I met Carl at his sister's home, then he left for Cal to work for farmers. He came back and I met him on street in Newton. We married October 22, 1924. We were blessed with two children: Mildred Elaine and Delbert Charles. We lived 17 years in Newton. Carl worked for KG&E. One Sunday evening after church (at Mennonite First), Carl was called to work as a tornado hit southeast of Newton. He left and I didn't know where he was until two days later when he came home. He slept and then was called back. Every cloud looked terrible, didn't even have a hot meal. Streams were overflowing, picking up dead people. Wheat fields looked like rivers. Lots of people lost everything. I was really worried. Thank God they came home safe. Told them to stay home and rest. He was called out many times. Finally he got two weeks vacation with pay.
Carl's sister Marie and her family had previously moved to Califonia and later his folks also moved there. Some of his other brothers and sisters also moved to California. We had been there for 20 years, so we decided to go to visit his folks in California. While there, decided to go to Cal-Ship to look where they built cargo ships for the war. Well, they gave him a job the rest of the time we were there. We went home to Kansas and Carl continued working. Carl got hurt one morning after a storm. He climbed a pole and it broke. He fell and was in the hospital for two weeks. The company never paid him, so he quit. He always wanted to back to California, but I didn't want to move so far from my folks. Tried to find larger home, couldn't find any within our budget, so we sold our home and moved to California in September of 1941.
When Carl told KG&E he was quitting, their office told Carl, "don't you know the bread line is a mile long?" We didn't see such a thing when we were there. Carl only got 76 cents an hour. Gave him double there in California.
Carl got his job back at Cal-Ship. We bought a home in Willowbrook and later in Compton. In 1950 we moved to Bellflower. He worked and I grew orchids. The business paid for our home. We belonged to the Orchid Growers Association. One year we went to Seattle, Washington, for their convention. Carl was a delegate. I got to go and see the place where they have cup races by way of the hanging bridge. Drivers told us how deep it was, we just sighed and looked at each other. What a sight!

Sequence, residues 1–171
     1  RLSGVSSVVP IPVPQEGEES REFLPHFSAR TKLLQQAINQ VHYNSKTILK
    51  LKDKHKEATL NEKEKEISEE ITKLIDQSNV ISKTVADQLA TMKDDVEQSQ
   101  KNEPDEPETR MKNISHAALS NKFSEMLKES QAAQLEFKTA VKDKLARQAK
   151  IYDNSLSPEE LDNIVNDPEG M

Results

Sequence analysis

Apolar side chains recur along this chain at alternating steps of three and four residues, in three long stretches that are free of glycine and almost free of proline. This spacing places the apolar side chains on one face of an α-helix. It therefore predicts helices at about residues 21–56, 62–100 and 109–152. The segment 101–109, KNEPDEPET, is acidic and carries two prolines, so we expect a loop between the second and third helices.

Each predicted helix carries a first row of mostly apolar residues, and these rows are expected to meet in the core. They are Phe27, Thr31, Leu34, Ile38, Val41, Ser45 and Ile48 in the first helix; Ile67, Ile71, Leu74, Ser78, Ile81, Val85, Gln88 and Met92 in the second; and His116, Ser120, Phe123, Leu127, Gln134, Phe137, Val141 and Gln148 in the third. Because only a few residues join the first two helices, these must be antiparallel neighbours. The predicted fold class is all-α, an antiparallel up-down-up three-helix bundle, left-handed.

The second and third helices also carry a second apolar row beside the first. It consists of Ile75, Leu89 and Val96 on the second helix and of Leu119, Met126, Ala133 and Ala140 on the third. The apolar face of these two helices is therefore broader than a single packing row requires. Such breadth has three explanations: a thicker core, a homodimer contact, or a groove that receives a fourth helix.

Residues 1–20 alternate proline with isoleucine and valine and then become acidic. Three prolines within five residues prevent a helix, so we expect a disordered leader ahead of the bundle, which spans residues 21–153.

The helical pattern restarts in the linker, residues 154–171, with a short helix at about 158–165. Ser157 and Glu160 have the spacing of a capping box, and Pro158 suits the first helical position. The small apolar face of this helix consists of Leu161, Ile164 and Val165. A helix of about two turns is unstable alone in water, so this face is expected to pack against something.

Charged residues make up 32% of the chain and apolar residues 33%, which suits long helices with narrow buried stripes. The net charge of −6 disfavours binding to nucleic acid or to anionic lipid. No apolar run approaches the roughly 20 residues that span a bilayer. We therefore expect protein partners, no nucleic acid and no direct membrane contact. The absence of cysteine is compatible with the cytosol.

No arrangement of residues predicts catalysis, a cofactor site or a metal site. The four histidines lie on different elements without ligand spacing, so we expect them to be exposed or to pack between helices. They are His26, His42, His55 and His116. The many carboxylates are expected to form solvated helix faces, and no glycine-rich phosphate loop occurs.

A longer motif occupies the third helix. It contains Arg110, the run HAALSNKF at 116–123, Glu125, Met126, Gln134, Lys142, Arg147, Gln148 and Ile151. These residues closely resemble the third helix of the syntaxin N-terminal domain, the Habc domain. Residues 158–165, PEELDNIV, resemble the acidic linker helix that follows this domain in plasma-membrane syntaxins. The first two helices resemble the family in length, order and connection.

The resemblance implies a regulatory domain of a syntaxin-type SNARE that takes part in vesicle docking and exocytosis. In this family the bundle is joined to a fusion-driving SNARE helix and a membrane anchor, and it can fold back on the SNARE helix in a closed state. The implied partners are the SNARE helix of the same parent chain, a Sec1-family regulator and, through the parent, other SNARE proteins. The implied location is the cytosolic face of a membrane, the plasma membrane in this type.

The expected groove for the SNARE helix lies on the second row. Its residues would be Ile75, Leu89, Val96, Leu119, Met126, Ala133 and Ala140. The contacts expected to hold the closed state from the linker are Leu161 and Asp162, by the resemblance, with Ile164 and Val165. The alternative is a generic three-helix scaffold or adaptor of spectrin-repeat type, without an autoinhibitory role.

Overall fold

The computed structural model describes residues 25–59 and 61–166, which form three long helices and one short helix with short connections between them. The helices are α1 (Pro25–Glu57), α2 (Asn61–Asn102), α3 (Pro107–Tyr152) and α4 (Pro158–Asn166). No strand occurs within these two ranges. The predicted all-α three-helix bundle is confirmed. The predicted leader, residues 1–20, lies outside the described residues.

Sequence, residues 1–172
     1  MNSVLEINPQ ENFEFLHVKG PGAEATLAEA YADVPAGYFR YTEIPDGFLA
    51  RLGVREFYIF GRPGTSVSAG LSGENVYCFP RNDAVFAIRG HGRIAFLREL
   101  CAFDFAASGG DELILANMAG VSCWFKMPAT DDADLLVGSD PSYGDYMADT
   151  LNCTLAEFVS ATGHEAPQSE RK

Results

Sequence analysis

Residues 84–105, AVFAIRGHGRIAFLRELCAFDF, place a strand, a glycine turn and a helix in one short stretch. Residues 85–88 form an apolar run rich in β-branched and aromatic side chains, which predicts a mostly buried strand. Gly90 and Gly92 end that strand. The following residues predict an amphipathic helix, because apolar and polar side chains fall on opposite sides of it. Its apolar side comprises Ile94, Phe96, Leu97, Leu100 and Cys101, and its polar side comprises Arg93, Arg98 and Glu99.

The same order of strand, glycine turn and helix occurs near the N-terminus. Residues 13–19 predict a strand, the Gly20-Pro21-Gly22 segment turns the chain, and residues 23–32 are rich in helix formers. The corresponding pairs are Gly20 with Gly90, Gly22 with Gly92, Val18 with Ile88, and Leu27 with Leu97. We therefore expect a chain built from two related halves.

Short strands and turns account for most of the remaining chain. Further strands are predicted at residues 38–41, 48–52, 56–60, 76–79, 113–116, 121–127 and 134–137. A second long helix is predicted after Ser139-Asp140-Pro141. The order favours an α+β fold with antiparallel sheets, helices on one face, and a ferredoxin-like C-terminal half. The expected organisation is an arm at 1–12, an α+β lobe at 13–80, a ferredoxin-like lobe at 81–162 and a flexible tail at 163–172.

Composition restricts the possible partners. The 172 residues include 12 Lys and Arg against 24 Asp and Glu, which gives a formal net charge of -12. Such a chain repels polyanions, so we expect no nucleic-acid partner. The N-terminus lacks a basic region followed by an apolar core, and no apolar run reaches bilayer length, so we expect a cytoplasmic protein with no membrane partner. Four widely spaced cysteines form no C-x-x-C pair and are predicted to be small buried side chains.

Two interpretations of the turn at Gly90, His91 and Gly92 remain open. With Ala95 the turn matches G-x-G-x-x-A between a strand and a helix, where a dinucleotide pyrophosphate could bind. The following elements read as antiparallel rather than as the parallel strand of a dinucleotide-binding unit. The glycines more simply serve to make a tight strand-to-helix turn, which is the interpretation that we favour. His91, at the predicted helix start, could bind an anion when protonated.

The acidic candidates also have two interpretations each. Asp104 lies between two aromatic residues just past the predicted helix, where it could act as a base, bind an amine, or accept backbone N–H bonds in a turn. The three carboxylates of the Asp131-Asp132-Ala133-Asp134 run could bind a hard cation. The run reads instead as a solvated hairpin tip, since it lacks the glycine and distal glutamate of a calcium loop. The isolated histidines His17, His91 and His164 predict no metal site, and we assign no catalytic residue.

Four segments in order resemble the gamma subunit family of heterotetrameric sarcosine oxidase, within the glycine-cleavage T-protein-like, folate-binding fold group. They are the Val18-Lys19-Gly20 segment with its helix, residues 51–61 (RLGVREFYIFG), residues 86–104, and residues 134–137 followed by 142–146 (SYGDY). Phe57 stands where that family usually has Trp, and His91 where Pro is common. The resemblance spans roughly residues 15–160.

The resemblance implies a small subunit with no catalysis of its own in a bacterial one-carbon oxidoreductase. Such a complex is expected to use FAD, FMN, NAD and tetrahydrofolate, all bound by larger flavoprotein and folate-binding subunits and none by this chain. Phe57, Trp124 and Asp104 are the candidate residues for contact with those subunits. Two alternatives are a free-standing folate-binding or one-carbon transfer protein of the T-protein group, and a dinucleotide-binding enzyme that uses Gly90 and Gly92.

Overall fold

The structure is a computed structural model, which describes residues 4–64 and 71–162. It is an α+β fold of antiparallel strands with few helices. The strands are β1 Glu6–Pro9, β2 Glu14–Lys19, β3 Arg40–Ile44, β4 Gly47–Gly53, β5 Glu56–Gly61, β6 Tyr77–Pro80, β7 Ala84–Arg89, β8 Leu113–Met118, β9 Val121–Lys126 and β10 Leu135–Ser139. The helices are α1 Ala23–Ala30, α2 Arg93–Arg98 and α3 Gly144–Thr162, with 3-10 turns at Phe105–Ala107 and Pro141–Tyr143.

We enjoyed giving flowers and plants to share our joy and pride with others. Many were blessed by receiving them, including churches, hospsitals, relatives and loves ones. We sold the orchid business 29 years later, just before our 50th anniversary, as Carl wasn't well and he was retired.
During the war with Japan, we lived in Wilmington, California. I saw my first barage cover up the oil factory. Planted flowers spelled out for a signal. We had placed anticraft guns along the shore, tried them one night, like war in the sky. Replaced them with larger ones. When curfew came, no one could go anywhere until it cleared. We watched them move our soldiers to the ship, then the curfew cleared.
We had joined the Emmanual Church in Downey. We both sang in the choir and were on several committees. Carl and I celebrated 55 1/2 years together. Carl passed away in 1980.
In 1988, my daughter Mildred (whose husband Bill had died in 1985) and I decided to sell our homes and move to Prescott where her son Alfred lives. My son, Delbert, and his wife were still working full-time. Mildred bought two condos next door to each other. I lived in one and she lived in the other. I've enjoyed all the modern things which I didn't have before. My brother Arthur and Elva live in a home place (the farm wehre I was raised) and also enjoy all the modern things. My son died in 1995 at the age of 64.
Linda Unruh is survived by:
One brother - Art (lives in Kansas)
Two sisters - Alvina and Grace (live in Kansas)
Her daughter - Mildred Hartzell
21 great grandchildren
7 great, great grandchildren